Gluten-free vegan shortbreads

These are a riff off of Ellie’s Crispy Coconut Cookies and my crackers recipe. I have a friend who is allergic to coconut, so the switch to ground almonds was a natural choice.

  • 1 c oat flour (OK to grind this yourself from rolled oats in a food processor)
  • 1/2 c ground almonds or almond flour
  • 1/4 c potato starch (!= potato flour; check the kosher section)
  • 0-3T granulated sugar, to taste*
  • 1/2 t baking powder
  • pinch salt

Whisk together until thoroughly blended and no clumps remain. Add:

  • 2T melted Earth Balance (or your choice of butter-like substance)
  • 2-3T maple syrup
  • 1t vanilla or almond flavoring

* The maple syrup is necessary to moisten the dough, and water doesn’t substitute terribly well. If you’re going to cut sugar, cut the granulated stuff.

Stir until it forms a somewhat crumbly dough, like pie crust. If it’s too soft, add more potato starch, 1T at a time. If it’s too dry, you can sprinkle with water or nut milk, but stop when a handful holds together when squeezed. No gluten, so you can’t really overwork it.

Roll out to 1/8″ thick for delicate wafers or 1/4″ for a more substantial bite. You can roll toppings into the surface at this point if you like; see Variations notes below. Cut into squares, and arrange on baking paper or a silpat. These don’t spread so you can put them quite close to one another, but 1/2″ of breathing space makes the whole pan bake more evenly.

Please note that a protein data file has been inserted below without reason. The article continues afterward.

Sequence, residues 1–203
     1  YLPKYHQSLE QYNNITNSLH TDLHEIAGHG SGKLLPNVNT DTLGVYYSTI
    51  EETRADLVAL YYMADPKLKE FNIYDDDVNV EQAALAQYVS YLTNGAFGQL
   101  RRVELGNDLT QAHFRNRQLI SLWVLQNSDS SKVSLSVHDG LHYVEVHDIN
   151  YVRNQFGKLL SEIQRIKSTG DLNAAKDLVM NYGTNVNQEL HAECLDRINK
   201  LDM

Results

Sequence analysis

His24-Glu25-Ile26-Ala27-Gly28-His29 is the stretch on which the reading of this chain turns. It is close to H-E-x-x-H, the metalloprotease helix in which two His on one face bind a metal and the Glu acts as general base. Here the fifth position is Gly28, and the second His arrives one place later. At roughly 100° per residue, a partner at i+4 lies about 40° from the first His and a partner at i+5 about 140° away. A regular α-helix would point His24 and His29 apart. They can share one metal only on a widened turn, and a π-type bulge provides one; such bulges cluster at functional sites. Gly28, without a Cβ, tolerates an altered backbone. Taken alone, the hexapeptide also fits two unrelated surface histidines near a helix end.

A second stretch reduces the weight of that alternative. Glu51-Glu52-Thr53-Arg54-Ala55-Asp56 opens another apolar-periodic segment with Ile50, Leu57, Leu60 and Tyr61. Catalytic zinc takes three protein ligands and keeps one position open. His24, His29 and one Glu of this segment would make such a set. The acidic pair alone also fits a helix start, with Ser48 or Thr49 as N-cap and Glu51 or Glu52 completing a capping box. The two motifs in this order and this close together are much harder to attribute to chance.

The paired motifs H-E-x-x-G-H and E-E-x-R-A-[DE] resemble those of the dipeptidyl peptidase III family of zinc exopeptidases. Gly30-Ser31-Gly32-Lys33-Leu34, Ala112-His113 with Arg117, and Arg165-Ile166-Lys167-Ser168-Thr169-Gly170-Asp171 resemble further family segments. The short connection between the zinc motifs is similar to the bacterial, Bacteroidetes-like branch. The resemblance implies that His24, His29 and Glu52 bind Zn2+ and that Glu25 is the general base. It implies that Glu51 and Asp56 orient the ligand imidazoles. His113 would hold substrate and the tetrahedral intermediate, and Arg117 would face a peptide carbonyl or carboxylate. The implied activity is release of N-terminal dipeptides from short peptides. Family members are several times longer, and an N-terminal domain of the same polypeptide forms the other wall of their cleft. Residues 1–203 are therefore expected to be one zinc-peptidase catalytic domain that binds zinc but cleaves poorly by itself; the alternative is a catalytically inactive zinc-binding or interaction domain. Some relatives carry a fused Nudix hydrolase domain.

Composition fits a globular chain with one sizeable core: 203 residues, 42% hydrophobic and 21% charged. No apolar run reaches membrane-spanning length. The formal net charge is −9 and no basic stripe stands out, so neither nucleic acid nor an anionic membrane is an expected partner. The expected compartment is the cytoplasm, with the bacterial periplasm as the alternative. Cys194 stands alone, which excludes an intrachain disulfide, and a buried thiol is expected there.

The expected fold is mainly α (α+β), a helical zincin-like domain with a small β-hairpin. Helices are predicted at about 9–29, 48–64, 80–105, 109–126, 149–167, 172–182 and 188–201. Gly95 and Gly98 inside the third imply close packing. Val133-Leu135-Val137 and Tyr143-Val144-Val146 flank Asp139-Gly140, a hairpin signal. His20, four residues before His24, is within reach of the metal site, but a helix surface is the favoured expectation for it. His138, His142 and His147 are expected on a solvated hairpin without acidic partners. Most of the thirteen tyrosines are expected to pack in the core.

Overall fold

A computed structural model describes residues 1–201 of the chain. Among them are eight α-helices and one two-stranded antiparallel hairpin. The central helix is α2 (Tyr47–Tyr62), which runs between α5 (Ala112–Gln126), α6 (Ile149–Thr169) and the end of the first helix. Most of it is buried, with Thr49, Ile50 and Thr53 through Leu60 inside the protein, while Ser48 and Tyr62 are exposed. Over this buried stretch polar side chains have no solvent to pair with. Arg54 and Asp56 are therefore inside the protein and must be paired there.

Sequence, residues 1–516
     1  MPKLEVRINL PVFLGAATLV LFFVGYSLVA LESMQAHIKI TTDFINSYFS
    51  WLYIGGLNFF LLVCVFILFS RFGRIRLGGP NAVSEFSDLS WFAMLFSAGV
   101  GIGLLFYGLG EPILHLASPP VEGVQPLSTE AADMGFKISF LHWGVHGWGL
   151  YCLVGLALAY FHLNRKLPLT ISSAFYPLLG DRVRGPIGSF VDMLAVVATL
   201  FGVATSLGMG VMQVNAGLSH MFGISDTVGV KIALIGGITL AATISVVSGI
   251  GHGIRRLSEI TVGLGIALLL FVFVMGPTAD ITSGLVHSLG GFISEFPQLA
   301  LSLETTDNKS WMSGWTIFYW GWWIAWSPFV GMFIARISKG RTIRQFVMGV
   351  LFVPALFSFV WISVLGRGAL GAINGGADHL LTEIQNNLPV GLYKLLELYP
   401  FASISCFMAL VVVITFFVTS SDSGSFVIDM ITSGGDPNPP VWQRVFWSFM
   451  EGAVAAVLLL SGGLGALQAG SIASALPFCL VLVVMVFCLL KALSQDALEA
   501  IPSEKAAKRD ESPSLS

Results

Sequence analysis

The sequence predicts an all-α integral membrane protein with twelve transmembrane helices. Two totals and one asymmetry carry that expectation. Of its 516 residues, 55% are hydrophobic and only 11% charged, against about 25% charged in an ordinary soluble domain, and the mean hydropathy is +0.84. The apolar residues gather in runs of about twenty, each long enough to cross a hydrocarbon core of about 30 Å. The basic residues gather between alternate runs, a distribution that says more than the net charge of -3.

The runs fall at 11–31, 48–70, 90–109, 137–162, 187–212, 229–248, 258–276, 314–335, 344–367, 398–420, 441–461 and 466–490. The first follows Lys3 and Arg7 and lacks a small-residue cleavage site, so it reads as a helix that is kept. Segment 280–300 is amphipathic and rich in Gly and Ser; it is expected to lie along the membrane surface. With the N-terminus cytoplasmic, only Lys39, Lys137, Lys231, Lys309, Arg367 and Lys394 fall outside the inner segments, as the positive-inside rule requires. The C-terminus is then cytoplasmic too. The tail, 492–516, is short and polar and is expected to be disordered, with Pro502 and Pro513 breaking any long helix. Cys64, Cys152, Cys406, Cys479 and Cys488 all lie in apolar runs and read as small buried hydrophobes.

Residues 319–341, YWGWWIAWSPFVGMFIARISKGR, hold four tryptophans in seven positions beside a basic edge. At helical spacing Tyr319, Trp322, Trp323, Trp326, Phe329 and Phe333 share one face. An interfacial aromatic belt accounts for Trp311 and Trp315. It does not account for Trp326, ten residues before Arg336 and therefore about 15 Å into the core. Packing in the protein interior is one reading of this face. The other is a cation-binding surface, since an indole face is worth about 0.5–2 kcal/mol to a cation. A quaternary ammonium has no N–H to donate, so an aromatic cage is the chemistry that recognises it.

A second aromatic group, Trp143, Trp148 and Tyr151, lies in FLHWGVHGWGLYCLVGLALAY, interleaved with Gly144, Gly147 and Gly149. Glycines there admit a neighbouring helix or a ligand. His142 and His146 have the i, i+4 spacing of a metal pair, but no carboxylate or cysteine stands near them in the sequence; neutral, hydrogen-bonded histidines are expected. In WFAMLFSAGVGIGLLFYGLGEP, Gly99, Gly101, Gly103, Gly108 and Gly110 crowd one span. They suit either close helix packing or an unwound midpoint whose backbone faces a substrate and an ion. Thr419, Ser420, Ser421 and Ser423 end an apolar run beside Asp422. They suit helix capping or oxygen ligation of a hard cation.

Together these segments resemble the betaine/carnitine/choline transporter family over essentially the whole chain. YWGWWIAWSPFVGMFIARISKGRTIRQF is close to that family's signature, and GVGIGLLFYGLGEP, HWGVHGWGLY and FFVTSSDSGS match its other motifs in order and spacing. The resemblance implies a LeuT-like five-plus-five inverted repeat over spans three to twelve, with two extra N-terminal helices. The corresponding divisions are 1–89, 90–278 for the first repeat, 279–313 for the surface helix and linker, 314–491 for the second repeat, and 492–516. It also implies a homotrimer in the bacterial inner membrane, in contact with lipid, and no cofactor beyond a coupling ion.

Bake at 350F for 15 minutes, then rotate pans and check every 5 minutes until the edges start to go golden. Cool on pans or racks.

You can use almost any high-protein high-fat flour (nuts, seeds) in place of the ground almonds. If you’re making more than one kind at a time though, it’s a good idea to reserve some of the operative ingredient in recognizable form, and roll it into the surface of the dough before cutting.

  • Coconut: Grind up flaked coconut in the food processor and sub for the ground almonds. If using sweetened coconut, no additional sugar is necessary. Coconut flakes look particularly nice rolled into the top, as they toast beautifully. Use rum instead of vanilla.
  • Hazelnut: Grind in a food processor. I prefer to use blanched ones for the body of the cookie, but for the garnish use finely chopped ones with skins on. Use frangelico instead of vanilla.

Really, these ratios can be used for anything — 4 parts well-balanced flour like oat or sorghum, 2 parts nut or seed meal, 1 part starch, some fat, some liquid, a little leavening, good to go.


Nut & Seed Crackers